Only Glass Houses Will Do For These Winged Beauties

More than a thousand exotic butterflies flit among tropical flowers and plants in a vaulted, glass building. Some perform the delicate ballet of courtship, others feed from trays of overripe fruit or sip nectar from flowers.

Inside the St. Louis Butterfly House - an 8,000-square-foot atrium - a perpetual summer provides the ideal warm, humid habitat for butterflies. A southern exposure gives the cold-blooded insects - and their visitors - maximum sunshine.

Since butterflies have the widest range of color vision in the animal kingdom, visitors who wear bright colors are most likely to attract the insects.

Known officially as the Sophia M. Sachs Butterfly House and Education Center, this is the ninth year-round butterfly house to open in the US since 1988.

"Butterfly houses are a relatively new phenomenon," says Frank Elia, director of the center.

The first public butterfly house opened on an island in the English Channel in 1976. Since then, more than 300 enclosed butterfly habitats have been built from Melbourne, Australia, to Vienna.

Most are associated with zoos, museums of natural science, or botanical gardens. The St. Louis Butterfly House is only the second in the US to be a nonprofit, stand-alone facility.

The proliferation of butterfly houses is getting more and more people interested in butterflies.

"Over the last 10 years, there's been a sea change in the way the public views butterflies," says Jeffrey Glassberg, president of the North American Butterfly Association in Morristown, N.J. "More and more people see butterflies as wildlife, and they are going to butterfly houses like they go to zoos. That often ends up involving people with butterflies in the real world."

The facility here, which opened last month, includes a learning lab for classes of all ages, an outdoor garden showing visitors how to attract butterflies to their own backyard, and a teaching garden where demonstrations and classes are held.

"We can teach people a lot with butterflies because they're so accessible," Mr. Elia says. The global message of environmental conservation is communicated inside where majestic butterflies from around the world mingle with visitors. Their beauty and symbolism are universally recognized, yet few people understand much about how these insects fit into the ecosystem.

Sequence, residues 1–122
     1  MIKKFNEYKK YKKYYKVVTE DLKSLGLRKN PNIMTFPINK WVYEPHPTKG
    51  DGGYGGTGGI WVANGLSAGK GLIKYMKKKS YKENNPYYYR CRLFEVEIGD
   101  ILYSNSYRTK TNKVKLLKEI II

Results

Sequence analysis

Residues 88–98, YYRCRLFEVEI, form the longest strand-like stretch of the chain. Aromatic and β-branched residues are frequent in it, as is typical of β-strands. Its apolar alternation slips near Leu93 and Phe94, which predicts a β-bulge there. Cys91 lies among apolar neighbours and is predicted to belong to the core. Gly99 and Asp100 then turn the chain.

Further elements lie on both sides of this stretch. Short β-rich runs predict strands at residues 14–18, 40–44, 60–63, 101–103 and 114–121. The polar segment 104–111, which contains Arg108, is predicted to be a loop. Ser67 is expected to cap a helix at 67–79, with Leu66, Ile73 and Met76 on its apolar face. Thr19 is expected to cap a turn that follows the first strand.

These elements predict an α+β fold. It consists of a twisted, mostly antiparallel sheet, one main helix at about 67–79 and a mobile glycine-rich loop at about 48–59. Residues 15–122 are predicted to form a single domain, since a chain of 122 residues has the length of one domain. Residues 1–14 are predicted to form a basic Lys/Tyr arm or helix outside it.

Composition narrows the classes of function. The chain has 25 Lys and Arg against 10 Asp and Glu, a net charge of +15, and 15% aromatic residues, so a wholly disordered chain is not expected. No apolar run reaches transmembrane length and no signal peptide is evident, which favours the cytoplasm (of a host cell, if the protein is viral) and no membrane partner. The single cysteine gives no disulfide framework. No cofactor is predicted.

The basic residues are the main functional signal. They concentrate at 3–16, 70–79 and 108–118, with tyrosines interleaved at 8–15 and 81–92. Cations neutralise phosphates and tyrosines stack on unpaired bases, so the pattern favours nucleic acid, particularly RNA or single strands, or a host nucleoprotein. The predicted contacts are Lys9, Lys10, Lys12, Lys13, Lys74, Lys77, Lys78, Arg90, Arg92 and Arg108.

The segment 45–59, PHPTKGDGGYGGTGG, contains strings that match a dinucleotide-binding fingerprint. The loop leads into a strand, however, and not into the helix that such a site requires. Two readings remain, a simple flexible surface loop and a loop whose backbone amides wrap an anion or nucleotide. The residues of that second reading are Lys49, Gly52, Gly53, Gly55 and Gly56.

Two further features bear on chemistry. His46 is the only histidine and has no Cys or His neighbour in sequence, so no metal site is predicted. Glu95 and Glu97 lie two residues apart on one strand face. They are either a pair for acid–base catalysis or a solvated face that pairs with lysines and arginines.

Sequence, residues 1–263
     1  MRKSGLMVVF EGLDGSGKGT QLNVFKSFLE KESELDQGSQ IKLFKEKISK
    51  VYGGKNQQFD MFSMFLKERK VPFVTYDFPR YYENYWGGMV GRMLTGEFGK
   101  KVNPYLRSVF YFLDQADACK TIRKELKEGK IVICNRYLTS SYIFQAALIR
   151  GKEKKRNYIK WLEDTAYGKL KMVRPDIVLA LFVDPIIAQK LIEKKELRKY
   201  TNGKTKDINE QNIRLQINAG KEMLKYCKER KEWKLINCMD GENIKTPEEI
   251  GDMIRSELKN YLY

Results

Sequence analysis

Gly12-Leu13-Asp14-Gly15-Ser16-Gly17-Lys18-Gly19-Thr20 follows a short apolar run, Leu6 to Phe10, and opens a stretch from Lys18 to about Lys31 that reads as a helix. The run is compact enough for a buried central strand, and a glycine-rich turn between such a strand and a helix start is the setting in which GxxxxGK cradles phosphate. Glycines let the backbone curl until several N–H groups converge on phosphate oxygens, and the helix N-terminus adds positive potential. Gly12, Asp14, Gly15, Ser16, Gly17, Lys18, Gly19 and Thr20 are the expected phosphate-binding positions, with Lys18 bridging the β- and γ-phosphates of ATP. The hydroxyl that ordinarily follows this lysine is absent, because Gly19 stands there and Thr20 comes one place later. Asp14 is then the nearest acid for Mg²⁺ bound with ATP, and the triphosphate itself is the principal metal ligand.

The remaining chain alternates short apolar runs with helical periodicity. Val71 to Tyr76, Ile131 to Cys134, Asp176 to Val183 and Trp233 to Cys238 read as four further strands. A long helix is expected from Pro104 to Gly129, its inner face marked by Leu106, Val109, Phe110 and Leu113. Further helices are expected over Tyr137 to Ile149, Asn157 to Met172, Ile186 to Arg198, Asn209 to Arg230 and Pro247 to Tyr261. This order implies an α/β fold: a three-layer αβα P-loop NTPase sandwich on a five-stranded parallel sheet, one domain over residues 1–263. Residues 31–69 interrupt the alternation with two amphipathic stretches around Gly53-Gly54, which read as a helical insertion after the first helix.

Outside the building, Elia says, we have a local message about how to make your own corner of Earth more butterfly-friendly. "We want everyone to look at their own backyard as a habitat for butterflies," he says. "The goal is to put butterflies in the scheme of things," explains Ellen McCallie, curator of education. For example, many people don't even realize that killing caterpillars with insecticides destroys butterflies. Making those connections for children and adults is important, Ms. McCallie says.

For Evelyn Newman, the philanthropist who first conceived of a butterfly house in St. Louis and raised the funds, the effort is about "welfare of the spirit and psyche." "Butterflies are such a wonderful symbol of the mystery of life taking place before your very eyes," she says.

Many visitors to the St. Louis butterfly house are getting a glimpse of the magic of metamorphosis. One corner of the atrium holds a glass case where hundreds of chrysalides hang waiting to open and release a newcomer.

All the butterflies here come from overseas. The caterpillars are raised on farms in the Philippines, Malaysia, Costa Rica, and Ecuador and shipped once they are in the chrysalis stage. Most spend three to five days hanging on display in the butterfly nursery before making their debut. After their wings unfurl and dry, Mark Deering, curator of butterflies, opens the glass doors and lets the new arrivals onto the main stage.

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